As parents you are invited last to meetings; you know that there has been discussion about you and your child that you have not been party too. It may not surprise you to know that I am not intimidated by meetings. Equally, I am fortunate enough to never have been spoken to in the way that some of my friends have. Being condescending towards and dismissive of parents is never acceptable. Their eloquence and education levels should never detract from the fact that they are the most knowledgeable and qualified person in that room. Unless, of course, their child is there. And don’t even suggest that another child’s situation (or even an entire group of them) is comparable and perhaps even sensible to be taught as a group.


  • 5th rule: Multiple fights at any time.


Here is another reason to go easy on parents. Of course, I advise every parent I know to be calm in meetings and to keep it friendly. It is not in the child’s best interests to have the significant influences in their lives at loggerheads with one another. But I was once at 4 meetings/appointments in 24 hours. The last meeting was a complete waste of my time and energy, with a so-called professional who had nowhere near the knowledge that I had gained by that point. I held it together, but I think I could have been forgiven if I hadn’t. Any professionals out there with kids, it’s exhausting right? We are so pressured to do everything perfectly. That is hard when we are an imperfect species. Then you go to work and these disabled kids you are dealing with are really hard work too. Yup, it’s tiring. But what if you reversed that? What if you had the kid that didn’t sleep, had multiple appointments a month. Different schools for different kids. Plus you are trying to figure out how you do everything differently for this disabled child, because everything has to be different right?? No, but that’s a different blog post. The point is cut the parents some slack. In fact, cut everyone some slack. If someone snaps it is not personal, that person deserves empathy, not anger. The chances are the parents you see are more exhausted and have more fights than most.


  • 6th rule: No teaching, no accommodations.


Please, please, please just adapt comprehensive literacy instruction. You can use any books, topics, whatever you like to fit it into your school. Until you do this, and all teachers are actually teaching every day, the individual accommodations cannot possibly be known about. Think of the shared workload, the shared understanding. Teachers who know what they are doing and kids who are learning more. Why is every school not just doing this???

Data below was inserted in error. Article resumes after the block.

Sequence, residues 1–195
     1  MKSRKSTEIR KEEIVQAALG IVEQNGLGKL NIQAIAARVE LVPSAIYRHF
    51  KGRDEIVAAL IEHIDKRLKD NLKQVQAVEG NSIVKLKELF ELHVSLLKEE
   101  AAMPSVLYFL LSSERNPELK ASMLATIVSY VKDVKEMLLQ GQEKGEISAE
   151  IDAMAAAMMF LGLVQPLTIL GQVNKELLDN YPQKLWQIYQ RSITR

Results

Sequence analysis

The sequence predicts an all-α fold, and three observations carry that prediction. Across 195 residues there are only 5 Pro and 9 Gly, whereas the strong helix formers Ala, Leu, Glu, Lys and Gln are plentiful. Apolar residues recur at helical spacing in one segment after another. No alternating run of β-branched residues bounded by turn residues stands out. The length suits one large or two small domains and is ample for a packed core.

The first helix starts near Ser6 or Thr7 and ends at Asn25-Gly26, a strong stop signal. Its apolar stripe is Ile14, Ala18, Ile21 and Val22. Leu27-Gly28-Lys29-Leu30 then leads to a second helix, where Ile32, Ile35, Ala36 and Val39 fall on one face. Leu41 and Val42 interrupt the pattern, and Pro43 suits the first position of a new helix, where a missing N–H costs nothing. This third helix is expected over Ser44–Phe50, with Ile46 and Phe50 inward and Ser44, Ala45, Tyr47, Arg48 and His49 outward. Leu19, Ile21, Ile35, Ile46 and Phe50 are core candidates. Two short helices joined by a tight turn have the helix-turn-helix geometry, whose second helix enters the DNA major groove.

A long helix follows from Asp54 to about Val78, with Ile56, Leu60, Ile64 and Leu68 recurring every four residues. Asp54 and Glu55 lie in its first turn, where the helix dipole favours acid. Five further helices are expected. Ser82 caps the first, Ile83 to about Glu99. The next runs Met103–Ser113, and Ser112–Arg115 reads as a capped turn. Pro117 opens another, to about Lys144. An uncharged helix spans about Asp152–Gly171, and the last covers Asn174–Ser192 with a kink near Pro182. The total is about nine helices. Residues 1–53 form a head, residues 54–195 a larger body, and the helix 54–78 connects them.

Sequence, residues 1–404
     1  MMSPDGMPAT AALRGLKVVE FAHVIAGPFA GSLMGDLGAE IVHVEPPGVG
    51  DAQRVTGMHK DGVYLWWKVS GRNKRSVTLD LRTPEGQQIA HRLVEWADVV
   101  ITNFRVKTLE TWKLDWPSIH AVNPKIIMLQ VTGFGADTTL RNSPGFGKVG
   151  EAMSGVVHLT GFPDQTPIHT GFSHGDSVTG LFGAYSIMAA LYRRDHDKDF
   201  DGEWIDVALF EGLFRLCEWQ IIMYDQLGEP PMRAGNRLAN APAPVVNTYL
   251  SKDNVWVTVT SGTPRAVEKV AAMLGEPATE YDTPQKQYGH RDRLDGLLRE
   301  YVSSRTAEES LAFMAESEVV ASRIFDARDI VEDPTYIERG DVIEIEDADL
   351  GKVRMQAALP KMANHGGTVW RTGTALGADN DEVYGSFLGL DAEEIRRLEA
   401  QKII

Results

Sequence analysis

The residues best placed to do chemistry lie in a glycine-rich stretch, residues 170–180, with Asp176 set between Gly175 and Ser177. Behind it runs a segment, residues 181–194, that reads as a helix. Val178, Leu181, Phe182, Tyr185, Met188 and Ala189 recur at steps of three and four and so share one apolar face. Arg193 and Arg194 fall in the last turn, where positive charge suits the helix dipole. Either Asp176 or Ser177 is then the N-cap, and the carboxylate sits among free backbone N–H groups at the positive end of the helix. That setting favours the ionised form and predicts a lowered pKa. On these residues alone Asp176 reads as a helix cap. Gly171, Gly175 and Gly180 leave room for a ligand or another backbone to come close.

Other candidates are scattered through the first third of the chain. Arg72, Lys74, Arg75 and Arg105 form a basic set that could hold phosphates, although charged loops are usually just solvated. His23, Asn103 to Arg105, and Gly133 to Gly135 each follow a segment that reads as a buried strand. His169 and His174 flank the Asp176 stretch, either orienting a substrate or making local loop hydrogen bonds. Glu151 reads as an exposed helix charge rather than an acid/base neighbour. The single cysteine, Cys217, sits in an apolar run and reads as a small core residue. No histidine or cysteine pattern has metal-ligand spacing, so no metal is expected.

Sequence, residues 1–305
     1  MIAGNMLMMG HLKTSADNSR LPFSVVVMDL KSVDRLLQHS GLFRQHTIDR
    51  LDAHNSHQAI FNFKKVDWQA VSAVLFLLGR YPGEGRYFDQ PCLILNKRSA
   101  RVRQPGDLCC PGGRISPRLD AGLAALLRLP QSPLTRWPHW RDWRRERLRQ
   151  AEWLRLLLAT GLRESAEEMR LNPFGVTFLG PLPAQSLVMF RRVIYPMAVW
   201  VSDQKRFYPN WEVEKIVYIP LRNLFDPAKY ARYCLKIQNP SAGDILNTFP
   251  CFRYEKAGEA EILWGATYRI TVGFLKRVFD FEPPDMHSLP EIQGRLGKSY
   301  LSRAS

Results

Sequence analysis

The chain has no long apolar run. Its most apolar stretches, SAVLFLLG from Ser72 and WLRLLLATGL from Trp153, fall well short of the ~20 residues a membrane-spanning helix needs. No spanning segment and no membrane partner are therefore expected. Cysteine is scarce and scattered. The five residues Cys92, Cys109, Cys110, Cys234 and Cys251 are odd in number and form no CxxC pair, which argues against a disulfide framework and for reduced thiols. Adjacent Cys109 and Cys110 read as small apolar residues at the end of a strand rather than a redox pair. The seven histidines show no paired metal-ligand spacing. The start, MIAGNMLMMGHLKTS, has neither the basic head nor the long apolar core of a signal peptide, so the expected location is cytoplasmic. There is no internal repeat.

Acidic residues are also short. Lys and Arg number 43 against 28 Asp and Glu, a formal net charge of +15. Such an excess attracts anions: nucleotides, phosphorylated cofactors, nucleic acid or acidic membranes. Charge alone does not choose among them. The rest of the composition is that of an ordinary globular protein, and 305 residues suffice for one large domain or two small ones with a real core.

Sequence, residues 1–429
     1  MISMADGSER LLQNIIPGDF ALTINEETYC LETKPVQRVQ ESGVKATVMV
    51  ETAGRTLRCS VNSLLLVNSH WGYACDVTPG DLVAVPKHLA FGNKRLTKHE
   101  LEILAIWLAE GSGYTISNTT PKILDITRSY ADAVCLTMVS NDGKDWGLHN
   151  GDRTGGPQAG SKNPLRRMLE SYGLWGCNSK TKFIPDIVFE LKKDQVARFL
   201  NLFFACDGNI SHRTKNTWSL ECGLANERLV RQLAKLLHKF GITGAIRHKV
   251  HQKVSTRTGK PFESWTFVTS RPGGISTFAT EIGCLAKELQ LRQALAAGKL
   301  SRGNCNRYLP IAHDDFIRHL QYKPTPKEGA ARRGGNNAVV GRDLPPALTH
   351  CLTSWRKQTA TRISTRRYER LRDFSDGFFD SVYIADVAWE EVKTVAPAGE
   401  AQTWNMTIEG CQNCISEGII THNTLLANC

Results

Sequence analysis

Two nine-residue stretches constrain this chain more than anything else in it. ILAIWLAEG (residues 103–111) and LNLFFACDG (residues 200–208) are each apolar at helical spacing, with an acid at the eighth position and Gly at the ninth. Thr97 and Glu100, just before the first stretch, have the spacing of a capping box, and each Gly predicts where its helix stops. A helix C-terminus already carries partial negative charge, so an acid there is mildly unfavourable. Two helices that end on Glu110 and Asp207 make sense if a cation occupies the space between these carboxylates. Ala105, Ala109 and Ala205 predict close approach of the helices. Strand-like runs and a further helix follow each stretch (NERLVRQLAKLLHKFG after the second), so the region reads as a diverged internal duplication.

In my talk I mention some of the accommodations specific to Leia, but I promise I am going to write a different blog on that.


  • 7th rule: Fights will finish as soon as school is over.


It your child is still in Primary Education, look away now. Seriously, this is stuff that will keep you awake at night and you don’t need that right now. Just in case Leia is reading this, don’t get excited darling, I will keep you learning until you retire. If not beyond. I am still learning literacy skills (just ask my husband), so you don’t get off that easily. But, what is absolutely unacceptable is that pupils leave school with no real options to study. They can attend a course, but it does not further their education in the same way mainstream courses do. On the chat during the presentation someone asked me what the alternative should be. The alternative should be that no matter the level of education you leave school with you should have an option to improve on that. The qualifications required for mainstream courses should be reconsidered. The assessments could be altered. In short, people with disabilities should be able to study for interest and to improve their education. We have many establishments offering education. The just need to make them more accessible.


  • 8th rule: If you believe, you have to fight.


No-one should ever feel guilt when they were working with the information they had at the time. I know that is hard. I can be stopped in my tracks when I think of things I have done. I can feel physical pain. But it is not helpful, and I cannot change it. What I can do is learn from it and move on. Burying your head in the sand and pretending that you are doing a good job is compounding to your guilt. And please, for those of you doing the good work, shout it from the rooftops; share, share, share. We so desperately need to hear these stories. Parents should never feel like they are the ones providing all the education for their children. Okay I took it to the extreme with a complete career change. But I was perfectly happy in microbiology. . I am not suggesting everyone needs to go to my lengths, but we do need this to change. If you know about comprehensive literacy and you aren’t acting on it you are part of the problem. You are denying people their human rights.


Here are the new rules. Let’s make it happen.